Weber argues that this circuit's decision in E.I. DuPont de Nemours & Company v. Local 900 of the International Chemical Workers Union, 968 F.2d 456 (5th Cir. 1992), requires that the arbitrator's finding that Sewell committed a Category 1 violation compels him to conclude that there was just cause for the employee's discharge. The narrowly drawn CBA in that case, however, did not even arguably permit the arbitrator's pro-employee construction or application of the contract or action thereunder.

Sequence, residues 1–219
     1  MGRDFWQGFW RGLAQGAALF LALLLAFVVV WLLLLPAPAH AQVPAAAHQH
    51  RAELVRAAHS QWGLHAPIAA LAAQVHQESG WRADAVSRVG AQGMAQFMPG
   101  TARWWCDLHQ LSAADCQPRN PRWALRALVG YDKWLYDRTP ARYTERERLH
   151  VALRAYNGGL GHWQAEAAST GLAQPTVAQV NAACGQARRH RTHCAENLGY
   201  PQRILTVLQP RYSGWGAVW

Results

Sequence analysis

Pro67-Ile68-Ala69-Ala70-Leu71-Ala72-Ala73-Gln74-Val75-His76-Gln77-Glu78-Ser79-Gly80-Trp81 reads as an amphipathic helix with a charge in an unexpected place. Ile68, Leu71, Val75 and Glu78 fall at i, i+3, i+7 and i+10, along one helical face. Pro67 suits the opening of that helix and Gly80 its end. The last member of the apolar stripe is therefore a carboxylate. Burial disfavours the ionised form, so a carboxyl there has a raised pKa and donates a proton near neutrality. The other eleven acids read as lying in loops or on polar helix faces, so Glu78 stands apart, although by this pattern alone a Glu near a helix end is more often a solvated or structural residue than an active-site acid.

In DuPont, this court affirmed the district court's vacating of an arbitration award that reinstated two employees because the CBA in that case did not permit the arbitrator to construe or apply the contract to authorize a sanction other than discharge. Id. at 459. The effect of the characterization of the employees' conduct as "[u]nquestionably, . . . a discharge offense" under that CBA was emphasized by the opinion's heavy reliance on the reasoning in Delta Queen Steamboat Co. v. District 2 Marine Engineers Beneficial Association. Id. at 458-59 (citing Delta Queen, 889 F.2d 599 (5th Cir. 1989)). In Delta Queen, the arbitrator found that the discharged riverpilot had been "grossly careless." 889 F.2d at 601. The CBA in that case expressly designated "carelessness" as a "proper cause" for discharge. Id. (noting that the CBA provided that "[n]o Officer shall be discharged except for proper cause such as, but not limited to, inefficiency, insubordination, carelessness, or disregard for the rules of the Company"). Despite finding that the riverpilot had been guilty of gross carelessness, however, the arbitrator in Delta Queen awarded the pilot reinstatement, restoration of full seniority, and payment of most of his backpay. Id. Because the CBA limited the arbitrator's jurisdiction to determining whether proper cause existed for discharge, and the CBA expressly stipulated that "carelessness" was a "proper cause" for discharge, this court in Delta Queen concluded that the arbitrator had exceeded the scope of his authority established by the CBA. Id. at 603-04. By finding that a violation had occurred that was expressly designated by the CBA as a "proper cause" for discharge, the arbitrator had necessarily found that there was proper cause for discharge, and the parties had not authorized the arbitrator to vary from the sanction of discharge in the event of such a finding. Id. at 603. In relying on Delta Queen, the DuPont court reaffirmed that, when authority to impose a lesser alternative sanction cannot be arguably inferred from a CBA, the arbitrator may not exceed the scope of the CBA to fashion one.